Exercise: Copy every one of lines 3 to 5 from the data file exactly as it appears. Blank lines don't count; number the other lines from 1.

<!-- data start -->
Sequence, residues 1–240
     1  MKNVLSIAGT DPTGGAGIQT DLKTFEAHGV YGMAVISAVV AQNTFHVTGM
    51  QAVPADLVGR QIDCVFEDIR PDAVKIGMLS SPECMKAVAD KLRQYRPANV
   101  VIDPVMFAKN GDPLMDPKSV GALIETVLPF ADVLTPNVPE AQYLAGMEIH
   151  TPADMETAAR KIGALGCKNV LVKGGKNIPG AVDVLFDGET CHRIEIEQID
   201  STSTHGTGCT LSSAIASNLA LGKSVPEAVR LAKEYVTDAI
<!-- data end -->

    51  QAVPADLVGR QIDCVFEDIR PDAVKIGMLS SPECMKAVAD KLRQYRPANV
   101  VIDPVMFAKN GDPLMDPKSV GALIETVLPF ADVLTPNVPE AQYLAGMEIH
   151  TPADMETAAR KIGALGCKNV LVKGGKNIPG AVDVLFDGET CHRIEIEQID